Do you think of Gretchen as the villain of the story?
I think I divide my brain into segments, and there’s a small part of my brain that knows I’m the villain of the piece. I am the unreliable and morally questionable adult, in a world in which the children or the young people are living very authentic, earnest passages of life, I guess, to adulthood. But the rest of me, in designing the character, I think I’ve … more looking to history and the dangerous people in the world, at the moment, who so believe in their own ideology being right that they are able to cognitively deny the collateral of their bad ideas. And also people who are clearly — they may think they’re motivated kind of ideologically if you like, but it’s probably more likely there is narcissism behind their need to be right. And [the need] to be extraordinary, and to be someone important.
I think those people don’t look in the mirror and say, “I’m the villain.” They look in the mirror and say they’re fighting the good fight. They’re going to overturn that election on January the 6th, because “this country has been stolen by liberals.” So that part of me is, you can’t judge yourself when you set up the design, do you know what I mean? But the character herself, she may have moments of doubt, but the doubt isn’t actually about whether or not she is doing the right thing. It’s just, will she pull it off? Because the fear of failure is so great. People who are certain are just very dangerous, don’t you think?
Of course. So where do you think that her role as a mother plays into that? Because we did see a little bit of her relationship with her son in the first season, and it clearly plays into her motivation.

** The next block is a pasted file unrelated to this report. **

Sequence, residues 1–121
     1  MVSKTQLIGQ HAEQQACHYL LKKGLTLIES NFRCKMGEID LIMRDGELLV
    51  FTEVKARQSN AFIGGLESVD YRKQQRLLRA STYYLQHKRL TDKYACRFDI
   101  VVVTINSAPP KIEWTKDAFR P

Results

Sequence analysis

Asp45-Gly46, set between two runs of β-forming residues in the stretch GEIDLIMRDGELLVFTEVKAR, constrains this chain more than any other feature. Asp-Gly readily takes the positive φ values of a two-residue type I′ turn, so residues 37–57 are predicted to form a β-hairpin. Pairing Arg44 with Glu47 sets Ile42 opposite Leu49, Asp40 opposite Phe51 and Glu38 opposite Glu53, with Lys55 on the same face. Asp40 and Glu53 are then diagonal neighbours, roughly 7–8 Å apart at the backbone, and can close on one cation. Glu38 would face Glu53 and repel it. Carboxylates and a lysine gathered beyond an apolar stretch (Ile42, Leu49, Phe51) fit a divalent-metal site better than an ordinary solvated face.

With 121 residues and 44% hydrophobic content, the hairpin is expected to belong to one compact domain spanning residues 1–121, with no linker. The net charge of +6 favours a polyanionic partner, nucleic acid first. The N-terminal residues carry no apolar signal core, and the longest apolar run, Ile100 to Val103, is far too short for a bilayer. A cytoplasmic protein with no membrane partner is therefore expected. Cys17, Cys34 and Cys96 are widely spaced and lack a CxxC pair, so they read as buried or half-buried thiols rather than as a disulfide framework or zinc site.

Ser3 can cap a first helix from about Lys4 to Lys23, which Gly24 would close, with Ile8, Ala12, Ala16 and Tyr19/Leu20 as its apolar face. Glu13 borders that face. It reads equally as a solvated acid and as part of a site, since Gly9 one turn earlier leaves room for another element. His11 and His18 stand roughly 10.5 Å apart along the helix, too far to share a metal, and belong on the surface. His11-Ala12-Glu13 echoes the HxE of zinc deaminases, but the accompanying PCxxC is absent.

Look, I think Gretchen finds it almost impossible to be in an equal and genuine relationship where she’s not in control. I don’t know if she’s on some kind of spectrum, which could be possible, but [she doesn’t have] just that normal empathetic flow of valuing somebody intrinsically for who they are, not what they reflect about herself. Or being interested in their experience, even if it’s not interesting to her own special interests, which is also very on the spectrum.
I think she’s found it very difficult to have a genuine relationship with her own child, because everything is filtered through this ego, and through this intellectual idea of what she thinks her job is, as a mother. But I think the memo she never got was that the job is to connect and to bond, and make that child feel that they’re never alone in the world.
She says the right things around that, but I don’t think she’s actually capable of the kind of vulnerability that is natural if one is truly present. Or prepared to have any real moral reckoning, in order to understand another person. The confrontation with one’s own moral universe, that one has to risk if one is truly to be open to another person … that one might disagree with, that may not be what one wants.
Season 2 of “The Wilds” is now streaming on Prime Video.